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Is the Buddha Bowl the new Veggie Stack?

The ‘Buddha Bowl’

Firstly, let me address the inverted commas bracketing Buddha Bowl, as let’s face it the Buddha Bowl has become the new Veggie Stack. What’s the hype? Why is it so popular and where did this spring from? 

Veggie Stacks were the coolest vegetarian/vegan alternative on any 90's menu, closely followed by the Stir Fry - but now there’s the Buddha Bowl - the super menu item choice that keeps on giving. 

Let’s chat about why it’s called a Buddha Bowl and why it’s the new black for bowled food.  

Buddha Bowls have been trending (another word I’d like to pull apart actually- trending?!), but yes, trending on social media, cafe menus and the lips of any self respecting vegan. I googled Buddha Bowl as I don’t claim to actually know the true origin and it appears that there’s many versions and names of this thrown together, but perfectly placed and highly photographed bowl of colours.

To be a Buddha Bowl there should be a base of grains, followed by  toppings of raw, cooked, seasoned and flavoursome ingredients, preferably vegan (of course!) and also preferably healthy (if you insist). Conveniently those lovely colours of the rainbow veggies, grains, proteins and fruits are healthy and visually pleasing, so these bowls also make for great insta photos and with the power of social media the Buddha Bowl is a thing.

Also dubbed hippie bowls, grain bowls, macro bowls, açaí bowls, power bowls and whatever-you-like-as-long-as-it’s-served-in-a-bowl bowls.  But why Buddha? Bowls of various ingredients placed over noodles in soups have been a traditional meal in many cultures, think Japanese ramen noodle soup, Vietnamese pho and the Hawaiian poke bowl. But ‘Buddha Bowl’  has seemingly no history with the enlightened teacher nor teachings, but has come about as recently as 2016 as a trend that appears here to stay. 

 

Some say the bowl represents a Buddha belly, others suggest the bowls were modeled on Buddha’s head, but more likely from what I’ve researched, the concept is based on Buddhist Monks taking bowls to the village to receive vegetarian food offerings from the people. This is called Alms, a daily practice of Almsgiving has died out in many countries like China, Japan and Korea due to belief it drained poor locals of food and more modern traditions have taken its place. In Thailand though, the practice continues and even tourists may participate respectfully and are welcomed, an experience I have personally been honored in doing. Receiving Alms is not about charity, but about a symbolic connection, respect to the monks for sharing the teachings of Buddha and an opportunity for a blessing.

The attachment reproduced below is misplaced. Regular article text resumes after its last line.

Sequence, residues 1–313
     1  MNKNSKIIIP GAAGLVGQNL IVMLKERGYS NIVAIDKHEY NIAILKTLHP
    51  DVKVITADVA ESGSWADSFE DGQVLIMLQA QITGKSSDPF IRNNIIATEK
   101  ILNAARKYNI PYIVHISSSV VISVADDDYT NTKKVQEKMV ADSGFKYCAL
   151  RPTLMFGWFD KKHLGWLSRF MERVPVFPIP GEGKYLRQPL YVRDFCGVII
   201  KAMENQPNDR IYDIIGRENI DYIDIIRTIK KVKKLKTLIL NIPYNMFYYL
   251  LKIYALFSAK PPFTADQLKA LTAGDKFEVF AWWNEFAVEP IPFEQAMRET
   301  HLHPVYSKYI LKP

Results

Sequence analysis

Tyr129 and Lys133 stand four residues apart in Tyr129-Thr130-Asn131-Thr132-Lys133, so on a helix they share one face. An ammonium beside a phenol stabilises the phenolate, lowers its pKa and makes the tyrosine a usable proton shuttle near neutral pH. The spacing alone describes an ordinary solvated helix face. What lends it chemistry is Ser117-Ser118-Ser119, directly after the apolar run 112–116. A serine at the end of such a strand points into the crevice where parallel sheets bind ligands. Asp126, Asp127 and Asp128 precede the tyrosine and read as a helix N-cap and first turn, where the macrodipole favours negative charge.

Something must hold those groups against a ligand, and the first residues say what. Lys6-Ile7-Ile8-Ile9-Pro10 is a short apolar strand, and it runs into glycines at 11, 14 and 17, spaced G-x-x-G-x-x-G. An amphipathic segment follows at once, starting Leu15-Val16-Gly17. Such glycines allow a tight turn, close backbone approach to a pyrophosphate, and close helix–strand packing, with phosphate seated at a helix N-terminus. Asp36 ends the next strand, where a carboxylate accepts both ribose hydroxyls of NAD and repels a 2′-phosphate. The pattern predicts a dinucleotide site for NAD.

An Alms bowl was traditionally used and were made from clay or iron, now commonly stainless steel. The bowl itself is very sacred and symbolic within the teachings of Buddhism. 

 A beautiful practice and so much information and informative readings but I will digress...  So the origin of the Buddha bowl we see all over social media today, it seems is not as far removed as first believed from its namesake. As during Almsgiving the Monks bowl would slowly fill with small portions of different food types placed with love and respect within the bowl by people wishing to honour, respect and give nourishment and thanks. So picture a bowl filled with small portions of different foods, grains, veggies and fruits, carefully and respectfully placed and there you have something very similar to what we call a Buddha Bowl today. 

As in the past, our Buddha Bowls should be for nourishment, but when placed in that bowl with mindfulness, the mixture of healthy veggies, grains, spices and fruits do deserve to be admired visually too and respected as a thoughtful experience. The concept of mindfulness and the importance of balance, which are also practiced in Buddhism, are represented within the bowl of nourishment. I wonder then ... photographing our food, as seen so often in cafes, now may just be the modern version of a little thankfulness and our pics on insta may just be a blessing shared... at a stretch perhaps, but either way a bowl of grains, veggies and fruits can’t be bad whatever they’re called.

Buddha bowl sits well with me now and will continue to be a lovely way to serve leftovers, an artistic way to present my grains and a delish menu item that I always seem to fall back on. 

How, you ask do you make one? Google dozens of easy recipes or just cook up some marinated tofu, slice some raw colorful veggies, shred some bright leafy greens and reds and place on top of some wholesome grains in a bowl. Prepare a weeks worth of cut up portions of yummy dishes, keep in the fridge then each night you can arrange a different variety of bowl.  Use a variety of grains like brown rice or quinoa, add proteins like chick peas, curried lentils, or seasoned Tempe. Arrange your wholesome selections of veggies, seeds, nuts and more in colour contrasting sections and .... pause to admire - photo on insta is an optional extra. 

Now do not treat it like a tossed salad and destroy by mixing it! 

Instead, enjoy slowly, mindfully tasting each section in its own flavoursome right, select complimentary textures and flavours to share with your tastebuds, delights in its colours, smell the combination of spices, herbs and seasonings and feel the love within it was prepared. A Buddha Bowl should satisfy all your senses. Ahhhhhhh 🙏🏻🙏🏻🙏🏻.

Above: A breakfast version of the Buddha Bowl; chia seed, organic oats, ground flax seed, pepetas, sunflower seeds, hemp seeds all soaking up the almond milk base. Top with berries or fruits of choice and I served mine with the yummiest coconut yogurt and cinnamon. 

Below: A Buddha Plate? Why not??!! Brown rice with sesame seeds, sweet potato mash, chopped kale with lemon juice, satay tofu, smashed avo, and roasted beetroots.

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